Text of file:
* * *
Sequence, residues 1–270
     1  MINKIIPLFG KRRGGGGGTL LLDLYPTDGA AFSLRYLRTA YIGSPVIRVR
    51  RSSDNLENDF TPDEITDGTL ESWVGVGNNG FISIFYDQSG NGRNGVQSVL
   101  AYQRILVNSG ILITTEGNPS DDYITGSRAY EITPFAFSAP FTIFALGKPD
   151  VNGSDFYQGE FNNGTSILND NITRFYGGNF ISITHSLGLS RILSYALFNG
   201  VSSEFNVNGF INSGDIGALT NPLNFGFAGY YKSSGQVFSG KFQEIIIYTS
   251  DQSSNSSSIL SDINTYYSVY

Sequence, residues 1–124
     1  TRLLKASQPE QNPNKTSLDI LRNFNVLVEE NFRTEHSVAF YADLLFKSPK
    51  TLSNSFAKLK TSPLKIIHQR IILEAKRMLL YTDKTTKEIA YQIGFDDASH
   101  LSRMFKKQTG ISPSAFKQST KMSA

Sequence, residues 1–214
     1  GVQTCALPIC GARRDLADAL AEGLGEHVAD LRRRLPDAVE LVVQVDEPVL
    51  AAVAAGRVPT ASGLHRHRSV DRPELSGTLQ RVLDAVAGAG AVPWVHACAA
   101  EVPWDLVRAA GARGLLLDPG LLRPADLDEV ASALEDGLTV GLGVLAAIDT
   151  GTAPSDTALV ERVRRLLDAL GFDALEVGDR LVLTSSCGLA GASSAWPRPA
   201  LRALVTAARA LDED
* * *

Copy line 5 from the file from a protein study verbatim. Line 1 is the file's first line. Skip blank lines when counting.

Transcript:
   151  VNGSDFYQGE FNNGTSILND NITRFYGGNF ISITHSLGLS RILSYALFNG